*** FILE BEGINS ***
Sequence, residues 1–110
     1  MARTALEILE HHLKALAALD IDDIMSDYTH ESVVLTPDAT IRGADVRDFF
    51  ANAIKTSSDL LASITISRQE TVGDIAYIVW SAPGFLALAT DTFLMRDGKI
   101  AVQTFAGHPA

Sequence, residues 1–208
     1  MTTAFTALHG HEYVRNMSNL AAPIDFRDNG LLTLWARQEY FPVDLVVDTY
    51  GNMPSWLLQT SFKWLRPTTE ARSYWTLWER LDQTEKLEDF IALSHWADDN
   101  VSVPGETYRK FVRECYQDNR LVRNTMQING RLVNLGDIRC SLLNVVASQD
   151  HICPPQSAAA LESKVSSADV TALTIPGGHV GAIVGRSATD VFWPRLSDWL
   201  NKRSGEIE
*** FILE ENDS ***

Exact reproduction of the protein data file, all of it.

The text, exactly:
Sequence, residues 1–110
     1  MARTALEILE HHLKALAALD IDDIMSDYTH ESVVLTPDAT IRGADVRDFF
    51  ANAIKTSSDL LASITISRQE TVGDIAYIVW SAPGFLALAT DTFLMRDGKI
   101  AVQTFAGHPA

Sequence, residues 1–208
     1  MTTAFTALHG HEYVRNMSNL AAPIDFRDNG LLTLWARQEY FPVDLVVDTY
    51  GNMPSWLLQT SFKWLRPTTE ARSYWTLWER LDQTEKLEDF IALSHWADDN
   101  VSVPGETYRK FVRECYQDNR LVRNTMQING RLVNLGDIRC SLLNVVASQD
   151  HICPPQSAAA LESKVSSADV TALTIPGGHV GAIVGRSATD VFWPRLSDWL
   201  NKRSGEIE